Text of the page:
Jobs for the girls: sexism in politics
Gill Books, €19.99
'You should be at home and not be taking a job from a man," one woman told Gemma Hussey as she canvassed for election in 1981.
Martina Fitzgerald's interviews with the living 17 out of 19 female cabinet ministers in 99 years, is a painful reminder of how women are disdained in the workplace, not just in politics, and how they are intimidated by men, who are neither as qualified or skilled as many of the elected females.
Despite the fact that Countess Markiewicz was the first Irish woman to hold a cabinet position in 1919, it took 60 years before another female, Maire Geoghegan Quinn, was appointed to cabinet; the first woman since the foundation of the state in 1922. From 1918 to 2018 we have had 114 female TDs (9 per cent) serving in Dáil Eireann compared to 1,179 male TDs (91 per cent).
The negativity of the various comments and the journeys these cabinet ministers underwent should not impact on women today to run for election.
Rather than individual chronological stories, the chapters focus on aspects of election campaigns, attitudes in Leinster House, getting into cabinet, the presidency, sexism, #politicianstoo and, as if the derision in the Dail was not bad enough, there is reference to media commentary on appearance, weight, hairstyles.
The final chapter is the common denominator that these ultimately successful women relied upon; family and friends.
Condescension goes back to the 1970s when former President Mary Robinson started canvassing. She stood for Dail election twice and was not elected. As a young mother, she was told several times that she should be at home minding the baby. During her presidential campaign she was called a 'Marxist lesbian bitch' by a member of the Catholic clergy.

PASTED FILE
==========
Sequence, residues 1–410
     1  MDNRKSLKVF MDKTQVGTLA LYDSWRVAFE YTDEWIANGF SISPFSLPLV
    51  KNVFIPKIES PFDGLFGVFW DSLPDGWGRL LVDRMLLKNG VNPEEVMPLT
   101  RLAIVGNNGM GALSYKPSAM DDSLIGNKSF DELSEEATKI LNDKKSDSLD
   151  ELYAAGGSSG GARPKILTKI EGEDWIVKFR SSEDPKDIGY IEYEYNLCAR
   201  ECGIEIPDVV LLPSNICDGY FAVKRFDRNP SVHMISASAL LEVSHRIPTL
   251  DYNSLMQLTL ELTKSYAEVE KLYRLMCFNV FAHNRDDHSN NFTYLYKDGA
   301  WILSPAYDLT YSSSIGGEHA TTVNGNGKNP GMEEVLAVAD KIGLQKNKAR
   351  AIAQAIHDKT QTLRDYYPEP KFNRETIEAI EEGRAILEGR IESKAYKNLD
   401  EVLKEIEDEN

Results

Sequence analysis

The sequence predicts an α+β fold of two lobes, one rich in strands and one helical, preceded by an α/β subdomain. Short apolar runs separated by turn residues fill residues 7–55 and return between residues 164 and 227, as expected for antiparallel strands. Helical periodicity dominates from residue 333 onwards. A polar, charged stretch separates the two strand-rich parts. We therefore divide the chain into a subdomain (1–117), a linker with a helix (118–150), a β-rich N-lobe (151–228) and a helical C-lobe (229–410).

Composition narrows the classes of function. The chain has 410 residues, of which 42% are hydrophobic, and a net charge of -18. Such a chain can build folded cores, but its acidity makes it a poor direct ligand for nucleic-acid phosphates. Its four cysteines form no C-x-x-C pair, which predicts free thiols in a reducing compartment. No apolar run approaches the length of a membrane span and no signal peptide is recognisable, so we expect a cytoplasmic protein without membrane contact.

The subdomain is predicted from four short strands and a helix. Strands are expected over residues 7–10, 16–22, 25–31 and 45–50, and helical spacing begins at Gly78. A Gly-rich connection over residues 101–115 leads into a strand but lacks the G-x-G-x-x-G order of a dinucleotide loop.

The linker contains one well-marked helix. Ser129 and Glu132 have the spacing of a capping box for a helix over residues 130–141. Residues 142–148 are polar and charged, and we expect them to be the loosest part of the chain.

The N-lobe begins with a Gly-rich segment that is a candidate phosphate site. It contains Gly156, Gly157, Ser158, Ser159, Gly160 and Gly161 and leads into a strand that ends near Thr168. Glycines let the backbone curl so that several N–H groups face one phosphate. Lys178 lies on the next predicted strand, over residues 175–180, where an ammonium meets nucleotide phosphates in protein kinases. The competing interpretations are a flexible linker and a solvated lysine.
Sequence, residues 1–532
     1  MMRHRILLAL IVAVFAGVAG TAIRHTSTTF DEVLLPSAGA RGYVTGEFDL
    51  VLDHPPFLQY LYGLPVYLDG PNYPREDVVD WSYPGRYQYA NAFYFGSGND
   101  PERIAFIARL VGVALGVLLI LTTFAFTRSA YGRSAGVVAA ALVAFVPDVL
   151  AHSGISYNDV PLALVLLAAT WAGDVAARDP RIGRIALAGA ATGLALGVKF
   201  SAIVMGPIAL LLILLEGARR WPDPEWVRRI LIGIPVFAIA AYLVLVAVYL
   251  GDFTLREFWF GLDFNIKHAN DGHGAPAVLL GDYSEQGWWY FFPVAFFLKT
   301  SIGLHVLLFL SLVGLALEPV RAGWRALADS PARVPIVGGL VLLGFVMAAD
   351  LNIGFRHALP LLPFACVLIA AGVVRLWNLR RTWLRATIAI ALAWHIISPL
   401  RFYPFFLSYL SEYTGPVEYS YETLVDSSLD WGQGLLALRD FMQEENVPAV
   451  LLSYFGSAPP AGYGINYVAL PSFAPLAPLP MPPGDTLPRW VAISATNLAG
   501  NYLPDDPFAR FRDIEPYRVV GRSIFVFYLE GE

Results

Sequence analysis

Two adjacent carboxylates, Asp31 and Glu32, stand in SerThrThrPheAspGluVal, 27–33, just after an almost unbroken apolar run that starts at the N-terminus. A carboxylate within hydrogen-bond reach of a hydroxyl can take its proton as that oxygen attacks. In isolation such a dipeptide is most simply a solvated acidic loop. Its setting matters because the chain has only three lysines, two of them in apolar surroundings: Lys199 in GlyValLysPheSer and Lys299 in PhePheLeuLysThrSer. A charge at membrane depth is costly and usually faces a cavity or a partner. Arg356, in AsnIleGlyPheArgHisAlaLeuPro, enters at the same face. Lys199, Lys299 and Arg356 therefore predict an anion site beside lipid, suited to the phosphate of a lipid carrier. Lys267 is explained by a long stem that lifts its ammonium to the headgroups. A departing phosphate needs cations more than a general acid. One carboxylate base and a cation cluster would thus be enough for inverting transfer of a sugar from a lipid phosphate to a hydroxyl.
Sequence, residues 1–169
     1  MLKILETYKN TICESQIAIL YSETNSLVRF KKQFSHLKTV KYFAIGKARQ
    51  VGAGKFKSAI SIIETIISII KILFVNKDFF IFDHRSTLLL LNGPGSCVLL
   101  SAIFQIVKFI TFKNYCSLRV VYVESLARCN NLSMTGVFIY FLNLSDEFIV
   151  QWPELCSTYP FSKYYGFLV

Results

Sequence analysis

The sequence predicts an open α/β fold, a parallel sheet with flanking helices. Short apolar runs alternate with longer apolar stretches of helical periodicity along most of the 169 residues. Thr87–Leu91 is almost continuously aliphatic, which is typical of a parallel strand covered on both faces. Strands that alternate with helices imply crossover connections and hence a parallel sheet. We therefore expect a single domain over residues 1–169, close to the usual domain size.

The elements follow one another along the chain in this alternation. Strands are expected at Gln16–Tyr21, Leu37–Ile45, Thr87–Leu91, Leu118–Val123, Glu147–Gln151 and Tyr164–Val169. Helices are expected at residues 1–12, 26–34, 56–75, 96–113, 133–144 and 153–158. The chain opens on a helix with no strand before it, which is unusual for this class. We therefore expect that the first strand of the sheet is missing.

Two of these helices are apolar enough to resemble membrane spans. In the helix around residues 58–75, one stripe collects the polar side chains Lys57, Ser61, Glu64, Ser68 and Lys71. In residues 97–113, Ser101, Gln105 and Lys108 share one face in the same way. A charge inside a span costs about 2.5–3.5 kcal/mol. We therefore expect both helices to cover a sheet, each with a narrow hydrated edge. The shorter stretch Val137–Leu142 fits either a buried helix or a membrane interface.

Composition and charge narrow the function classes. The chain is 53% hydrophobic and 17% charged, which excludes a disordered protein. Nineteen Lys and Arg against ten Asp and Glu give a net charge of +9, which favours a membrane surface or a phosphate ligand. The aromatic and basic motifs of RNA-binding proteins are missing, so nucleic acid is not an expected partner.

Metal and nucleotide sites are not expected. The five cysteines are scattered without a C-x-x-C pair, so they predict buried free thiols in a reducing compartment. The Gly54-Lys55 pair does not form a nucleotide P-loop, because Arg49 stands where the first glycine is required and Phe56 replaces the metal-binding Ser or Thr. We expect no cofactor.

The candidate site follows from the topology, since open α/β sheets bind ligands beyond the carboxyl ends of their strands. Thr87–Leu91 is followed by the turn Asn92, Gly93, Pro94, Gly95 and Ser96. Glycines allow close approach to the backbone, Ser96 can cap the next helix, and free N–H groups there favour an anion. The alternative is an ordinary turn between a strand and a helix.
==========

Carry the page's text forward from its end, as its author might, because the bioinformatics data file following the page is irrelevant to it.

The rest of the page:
Her presidential candidacy was opposed by the current president Michael D Higgins. During a campaign visit to Higgins's base in Galway she says, "He didn't warm to me… he was one of those who regretted that I had got the nomination and not Noel Browne."
Mary McAleese exposes utterly rude and disrespectful comments by Pope John Paul II to the office of President of Ireland. There is only one woman, with multiple family involvement in politics who has no desire for gender quota; Mary O'Rourke is totally against it. Needless to say, we know that merit counts but so does gender.
The current leader of Fianna Fail is an example of how the party is changing, and it would be beneficial if they prioritised gender quotas. Mary Hanafin says that Fianna Fail remains 'very male', that the party is 'not respectful enough of women' and has 'no supportive mechanism for women at all'.
Hanafin was one of three women in cabinet in 2004 and did not believe there was a particular camaraderie, "I don't think there was collegiality between the women".
Joan Burton argues that women have to be "quite resilient and pushy enough" to show that they are not "some kind of add-on or decoration". Mary Mitchell O'Connor describes political life as "laddy. The behaviour is macho. It's aggressive. It's very off-putting... women are able to do business in a quiet way. That's their modus operandi".
Frances Fitzgerald describes the atmosphere in the Dail chamber when she was first elected as "so gladiatorial and so hierarchical".
As you can tell, the 'macho culture' dominated up to recently, though Bertie Ahern is described by Mary O'Rourke as "full of equality. He didn't realise it, but he was".
Many women were pregnant or breastfeeding while campaigning, and their voices affirm a resilience that women don't realise they possess.
Whether you have no interest in politics or are fully engaged, this is an essential read. The book gives an insight into the route women take to gain votes and get what they want.